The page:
Is the new more permissive snacking policy lifting theatre up or bringing it down? Some local theatres weigh in with their own snacking policies and the reasons behind them.
Barbara Chirinos, Executive Director of the Granville Island Cultural Society (GICS) explains that the no snacking policies at GICS venues is due to cost. “People still spill their food and drinks,” Barbara told us. “And the seats and carpets would require special cleaning at an extra cost. That would mean charging more for the venue.” GICS operates theatres around Granville Island, including Studio 1398, Waterfront Theatre, and Performance Works—all popular venues for independent theatre and other arts. When asked about Performance Works, where snacks and drinks from the concession are allowed in the theatre, she pointed out that folding chairs are cheaper and easier to replace. And, of course, the non-carpeted floors mean that spills only require a mop up.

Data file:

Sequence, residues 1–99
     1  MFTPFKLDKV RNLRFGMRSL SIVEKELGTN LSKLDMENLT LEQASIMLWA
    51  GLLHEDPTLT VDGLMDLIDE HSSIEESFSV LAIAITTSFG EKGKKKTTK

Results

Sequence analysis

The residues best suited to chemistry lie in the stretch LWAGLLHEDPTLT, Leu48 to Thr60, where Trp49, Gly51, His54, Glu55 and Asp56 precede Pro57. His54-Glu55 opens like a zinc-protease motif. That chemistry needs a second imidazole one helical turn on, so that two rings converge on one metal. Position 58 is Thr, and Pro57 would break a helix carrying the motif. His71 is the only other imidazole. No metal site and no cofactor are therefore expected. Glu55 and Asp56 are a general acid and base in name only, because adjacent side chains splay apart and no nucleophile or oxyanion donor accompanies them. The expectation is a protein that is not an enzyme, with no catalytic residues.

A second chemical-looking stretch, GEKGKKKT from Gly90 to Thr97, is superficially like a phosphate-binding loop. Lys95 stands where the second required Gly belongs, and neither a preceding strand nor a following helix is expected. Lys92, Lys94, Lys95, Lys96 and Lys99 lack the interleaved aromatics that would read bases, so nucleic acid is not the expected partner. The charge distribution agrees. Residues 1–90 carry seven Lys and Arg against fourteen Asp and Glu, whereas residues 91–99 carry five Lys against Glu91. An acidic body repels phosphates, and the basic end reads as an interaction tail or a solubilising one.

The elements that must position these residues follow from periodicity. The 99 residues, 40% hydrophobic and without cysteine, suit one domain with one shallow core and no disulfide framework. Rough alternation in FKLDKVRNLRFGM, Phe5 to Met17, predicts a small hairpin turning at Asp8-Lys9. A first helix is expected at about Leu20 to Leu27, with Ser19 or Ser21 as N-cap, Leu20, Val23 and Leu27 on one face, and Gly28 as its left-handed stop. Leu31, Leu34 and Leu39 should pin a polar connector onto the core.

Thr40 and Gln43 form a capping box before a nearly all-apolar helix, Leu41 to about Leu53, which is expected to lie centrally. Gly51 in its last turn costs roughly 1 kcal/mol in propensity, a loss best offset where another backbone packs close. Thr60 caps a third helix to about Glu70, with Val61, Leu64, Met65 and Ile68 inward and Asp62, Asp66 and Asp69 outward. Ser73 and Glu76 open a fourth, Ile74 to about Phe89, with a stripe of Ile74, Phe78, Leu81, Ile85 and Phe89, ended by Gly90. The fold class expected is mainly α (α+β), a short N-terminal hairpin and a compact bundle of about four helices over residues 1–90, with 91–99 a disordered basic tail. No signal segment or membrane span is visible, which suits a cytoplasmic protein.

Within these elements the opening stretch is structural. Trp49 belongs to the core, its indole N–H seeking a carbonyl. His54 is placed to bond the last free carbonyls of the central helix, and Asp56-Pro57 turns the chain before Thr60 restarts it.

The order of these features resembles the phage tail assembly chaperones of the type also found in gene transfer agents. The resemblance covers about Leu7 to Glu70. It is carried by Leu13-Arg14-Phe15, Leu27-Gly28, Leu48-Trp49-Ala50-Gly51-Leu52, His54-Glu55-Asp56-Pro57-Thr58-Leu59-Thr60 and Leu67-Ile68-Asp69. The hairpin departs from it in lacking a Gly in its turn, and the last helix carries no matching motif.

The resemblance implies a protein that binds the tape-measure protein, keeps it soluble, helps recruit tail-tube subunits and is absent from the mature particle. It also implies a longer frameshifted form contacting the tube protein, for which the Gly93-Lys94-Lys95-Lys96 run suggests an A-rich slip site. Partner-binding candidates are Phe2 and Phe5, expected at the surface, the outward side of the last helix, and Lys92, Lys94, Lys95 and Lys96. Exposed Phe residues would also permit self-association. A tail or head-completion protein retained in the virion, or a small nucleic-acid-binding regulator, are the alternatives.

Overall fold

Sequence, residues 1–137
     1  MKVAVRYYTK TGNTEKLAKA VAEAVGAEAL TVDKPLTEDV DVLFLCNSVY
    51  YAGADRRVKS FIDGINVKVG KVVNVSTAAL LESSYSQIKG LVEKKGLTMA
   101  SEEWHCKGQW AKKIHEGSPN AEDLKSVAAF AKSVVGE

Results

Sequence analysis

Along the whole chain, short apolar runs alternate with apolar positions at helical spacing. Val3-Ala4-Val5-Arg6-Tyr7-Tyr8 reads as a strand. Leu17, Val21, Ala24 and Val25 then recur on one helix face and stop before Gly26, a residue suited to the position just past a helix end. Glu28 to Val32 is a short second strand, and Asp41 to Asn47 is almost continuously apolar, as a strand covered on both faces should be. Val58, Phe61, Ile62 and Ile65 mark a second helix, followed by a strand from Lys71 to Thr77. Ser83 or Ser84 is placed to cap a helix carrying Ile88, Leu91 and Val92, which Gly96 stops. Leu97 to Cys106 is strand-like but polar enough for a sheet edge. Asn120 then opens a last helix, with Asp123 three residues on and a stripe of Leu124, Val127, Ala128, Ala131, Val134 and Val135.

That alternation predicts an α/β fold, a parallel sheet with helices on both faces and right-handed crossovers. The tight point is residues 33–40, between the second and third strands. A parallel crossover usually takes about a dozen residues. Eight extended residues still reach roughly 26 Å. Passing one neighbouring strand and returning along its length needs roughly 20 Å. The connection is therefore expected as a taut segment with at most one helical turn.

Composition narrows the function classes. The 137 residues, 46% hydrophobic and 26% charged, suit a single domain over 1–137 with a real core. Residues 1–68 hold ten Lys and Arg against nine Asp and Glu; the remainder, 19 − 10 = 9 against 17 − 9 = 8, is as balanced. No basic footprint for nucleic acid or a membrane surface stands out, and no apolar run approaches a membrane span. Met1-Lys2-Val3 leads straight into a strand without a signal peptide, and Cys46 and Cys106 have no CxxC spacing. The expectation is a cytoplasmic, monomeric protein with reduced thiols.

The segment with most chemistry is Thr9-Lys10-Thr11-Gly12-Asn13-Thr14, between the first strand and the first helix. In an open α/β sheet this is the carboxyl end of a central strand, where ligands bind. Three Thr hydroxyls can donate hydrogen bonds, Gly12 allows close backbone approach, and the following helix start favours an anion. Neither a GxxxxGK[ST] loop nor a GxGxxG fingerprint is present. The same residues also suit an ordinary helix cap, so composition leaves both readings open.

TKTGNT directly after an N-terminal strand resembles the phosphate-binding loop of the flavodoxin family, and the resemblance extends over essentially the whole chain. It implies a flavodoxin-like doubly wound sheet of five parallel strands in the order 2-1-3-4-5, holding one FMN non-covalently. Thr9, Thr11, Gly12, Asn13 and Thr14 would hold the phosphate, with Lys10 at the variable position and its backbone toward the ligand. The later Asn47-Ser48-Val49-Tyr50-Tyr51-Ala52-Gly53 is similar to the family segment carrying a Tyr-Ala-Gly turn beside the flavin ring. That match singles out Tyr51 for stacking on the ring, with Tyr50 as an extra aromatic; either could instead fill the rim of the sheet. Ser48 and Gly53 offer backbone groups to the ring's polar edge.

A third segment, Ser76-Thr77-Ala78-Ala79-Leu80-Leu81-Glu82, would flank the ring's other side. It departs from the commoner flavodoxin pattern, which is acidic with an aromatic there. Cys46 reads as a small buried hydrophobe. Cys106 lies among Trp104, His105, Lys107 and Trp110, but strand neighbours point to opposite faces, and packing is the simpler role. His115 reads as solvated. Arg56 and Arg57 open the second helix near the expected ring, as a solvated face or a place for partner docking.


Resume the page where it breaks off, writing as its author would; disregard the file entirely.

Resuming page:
For Ava Forsyth, Operations Manager at Bard on the Beach Shakespeare Festival, allowing snacks in the theatre is about experience. Snacks create a more casual experience, which in turn makes Shakespeare more approachable. “Theatre is not precious—it belongs to all of us,” Ava said when we asked about people who find snacking at the theatre distracting. Some patrons may complain, but when she looks at the Bard on the Beach experience each year, the benefits continue to outweigh the negatives. “We always remind people to enjoy their snacks respectfully.”
Allowing snacks in the theatre turns out to be a very divided issue in Vancouver. Most theatres and organizations that we’ve spoken with don’t allow snacks because of clean-up costs and distractions, but for those that do, snacks in the theatre are an indispensable part of the experience for theatre goers.
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